With more and more divers going bubble-free, the need to improve safety and performance has never been greater. Jason Brown joined 300 of the world’s top dive industry experts and leaders in Malta for Rebreather Forum 4.
Photographs by Jason Brown
For two weeks in April, the small Mediterranean island of Malta played host to possibly the most significant gathering of technical, military and scientific divers, leading academics and rebreather manufacturers seen in a decade. Their purpose was clear – to share and discuss all the latest research and scientific thinking around rebreather diving safety and performance, with a view to shaping the direction and attitudes of the industry through their findings.
Organised in conjunction with DAN Europe and PADI, Rebreather Forum 4 is an event like no other. It’s not generally open to the diving public – diving professionals need only apply – and previous Forums have occurred only once every ten years or so (although plans are afoot to increase the frequency of future events).
Event Format and Consensus Discussions
The format of the event would be largely unfamiliar to most divers too – after three days of presentations on a diverse range of rebreather-related topics delivered by leading academics and thought-leaders from across the globe, attendees were invited to discuss and debate a series of ‘consensus’ statements. Formed from key findings taken from the presentations by a panel of academics, these statements are designed to guide the industry forward with a view to making rebreather diving safer for us all.
Diving Exploration Opportunities in Malta
While the presentations held at the University of Malta’s Valletta Campus formed the core of the event, there were plenty of other rebreather-related activities to keep those in attendance occupied. Often described as the ‘Chuuk Lagoon of the Mediterranean’, no visit to Malta would be complete without diving some of its world-famous wrecks.
For the weeks either side of the main symposium, Malta’s many dive boats were filled with more rebreathers than the island had ever seen! In conjunction with Heritage Malta, attendees dived some of Malta’s best-loved deep wrecks – Le Polynesian, HMS Southwold, Schnellboot S-31 and more.
Discovery and Testing of New Rebreather Models
Attendees were offered the opportunity to discover some of the latest rebreather models too at a series of try-dive days held at the nearby Tal-Qroqq National Pool Complex. The 5m deep Olympic-sized pool saw CCR units from rEvo, iQSub, Lungfish, Fathom and DiveSoft all put through their paces under the watchful eyes of an experienced team of unit-specific instructors. Sidemount rebreathers proved to be a particular draw, with units from iQSub and Divesoft attracting attention from divers more used to traditional backmount units.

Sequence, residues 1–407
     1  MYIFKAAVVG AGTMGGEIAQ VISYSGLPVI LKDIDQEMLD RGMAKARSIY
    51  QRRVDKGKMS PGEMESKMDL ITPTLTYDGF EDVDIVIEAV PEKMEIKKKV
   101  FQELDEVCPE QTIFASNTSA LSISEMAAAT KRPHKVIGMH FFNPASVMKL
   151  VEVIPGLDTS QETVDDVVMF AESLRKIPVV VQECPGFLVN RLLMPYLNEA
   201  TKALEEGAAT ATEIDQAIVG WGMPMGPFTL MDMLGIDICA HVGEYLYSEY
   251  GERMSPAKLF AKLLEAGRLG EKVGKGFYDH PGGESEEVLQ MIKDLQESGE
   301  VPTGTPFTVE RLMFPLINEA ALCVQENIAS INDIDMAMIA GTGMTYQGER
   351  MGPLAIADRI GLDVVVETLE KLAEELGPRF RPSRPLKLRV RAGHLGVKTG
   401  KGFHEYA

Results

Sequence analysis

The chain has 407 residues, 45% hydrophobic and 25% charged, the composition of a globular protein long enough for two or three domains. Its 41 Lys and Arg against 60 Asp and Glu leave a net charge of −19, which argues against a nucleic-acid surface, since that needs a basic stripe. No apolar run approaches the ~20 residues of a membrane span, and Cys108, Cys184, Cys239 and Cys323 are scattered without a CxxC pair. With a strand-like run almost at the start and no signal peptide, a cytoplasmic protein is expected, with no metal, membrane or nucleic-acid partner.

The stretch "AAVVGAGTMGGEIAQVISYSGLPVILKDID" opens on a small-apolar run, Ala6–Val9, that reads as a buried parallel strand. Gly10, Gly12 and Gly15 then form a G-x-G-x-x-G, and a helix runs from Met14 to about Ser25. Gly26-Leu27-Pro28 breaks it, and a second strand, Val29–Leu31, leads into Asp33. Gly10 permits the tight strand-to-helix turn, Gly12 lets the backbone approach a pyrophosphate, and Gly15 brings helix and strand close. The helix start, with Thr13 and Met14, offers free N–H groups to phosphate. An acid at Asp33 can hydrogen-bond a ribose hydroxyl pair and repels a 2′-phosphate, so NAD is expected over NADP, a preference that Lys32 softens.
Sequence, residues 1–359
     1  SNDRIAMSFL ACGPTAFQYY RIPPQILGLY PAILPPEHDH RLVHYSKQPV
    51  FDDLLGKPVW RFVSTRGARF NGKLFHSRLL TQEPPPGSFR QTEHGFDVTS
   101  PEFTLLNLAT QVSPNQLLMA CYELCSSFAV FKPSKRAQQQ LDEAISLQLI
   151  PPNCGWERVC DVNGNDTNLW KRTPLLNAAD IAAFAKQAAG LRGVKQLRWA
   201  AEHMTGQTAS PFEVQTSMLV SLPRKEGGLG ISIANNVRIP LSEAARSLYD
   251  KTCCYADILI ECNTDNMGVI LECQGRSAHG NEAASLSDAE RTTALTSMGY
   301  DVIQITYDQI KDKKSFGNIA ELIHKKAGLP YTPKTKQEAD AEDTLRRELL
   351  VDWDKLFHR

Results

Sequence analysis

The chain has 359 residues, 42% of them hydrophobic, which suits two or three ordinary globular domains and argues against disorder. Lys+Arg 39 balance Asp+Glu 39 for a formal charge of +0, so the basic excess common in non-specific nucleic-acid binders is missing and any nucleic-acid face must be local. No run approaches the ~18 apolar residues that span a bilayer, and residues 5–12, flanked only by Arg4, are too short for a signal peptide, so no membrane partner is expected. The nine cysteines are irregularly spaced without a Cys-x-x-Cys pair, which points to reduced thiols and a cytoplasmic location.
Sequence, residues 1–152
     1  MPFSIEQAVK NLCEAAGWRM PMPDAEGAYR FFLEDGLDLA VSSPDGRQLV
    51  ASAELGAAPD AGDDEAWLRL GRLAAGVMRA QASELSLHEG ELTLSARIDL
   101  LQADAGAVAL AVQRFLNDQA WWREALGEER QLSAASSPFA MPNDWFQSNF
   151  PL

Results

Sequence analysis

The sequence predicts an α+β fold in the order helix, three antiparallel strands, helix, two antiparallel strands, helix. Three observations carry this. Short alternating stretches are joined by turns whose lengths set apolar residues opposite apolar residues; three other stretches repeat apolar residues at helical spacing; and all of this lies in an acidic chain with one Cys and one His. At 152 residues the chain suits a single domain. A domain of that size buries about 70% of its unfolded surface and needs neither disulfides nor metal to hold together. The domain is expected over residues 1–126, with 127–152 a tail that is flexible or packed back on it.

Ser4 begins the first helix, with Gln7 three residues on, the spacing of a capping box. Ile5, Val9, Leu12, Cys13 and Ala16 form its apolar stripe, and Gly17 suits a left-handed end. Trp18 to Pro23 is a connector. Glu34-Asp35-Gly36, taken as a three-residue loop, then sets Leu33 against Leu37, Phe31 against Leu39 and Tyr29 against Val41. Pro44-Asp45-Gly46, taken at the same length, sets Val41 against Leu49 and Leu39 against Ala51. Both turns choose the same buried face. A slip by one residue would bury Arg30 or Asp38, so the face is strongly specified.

Day One Symposium: Speaker Presentations and Topics
Day one of the symposium saw notable speakers take to the stage to deliver presentations on a broad range of rebreather-related topics. After a welcome address from organiser Michael Menduno and PADI President and CEO Drew Richardson, Hyperbaric and Diving Medicine expert Dr Neal Pollock started the ball rolling with a sobering look at the hazards of rebreather diving.
Pollock’s talk focused on the gaps in knowledge, best practice and equipment. Many of the shortcomings highlighted by Pollock were reinforced by DAN’s Research Director Dr Frauke Tillmanns, who revealed the results of extensive research into the current state of the rebreather market.
Bail out rebreathers are a hot topic among diving explorers and Andy Pitkin’s presentation on their use in long-range cave exploration generated much discussion. With their adoption on the rise, his talk highlighted the need to develop and document practices covering their safe use.
Mouthpiece retaining straps caused much discussion too, with heated debate on the pros and cons of their use. While a clear consensus wasn’t reached, those in attendance recognised their use as a strategy for avoiding loss of the mouthpiece and minimisation of water aspiration in the event of loss of consciousness underwater.
Advances in CO2 monitoring and the design of rebreather scrubbers came under the spotlight, with presentations from popular diving physician Professor Simon Mitchell and Dr John R Clarke – one of the foremost experts in scrubber technology and science. Clarke’s presentation focused on factors affecting scrubber efficacy, including unexpected variations in grain size, cold water and the diver’s own CO2 production rate.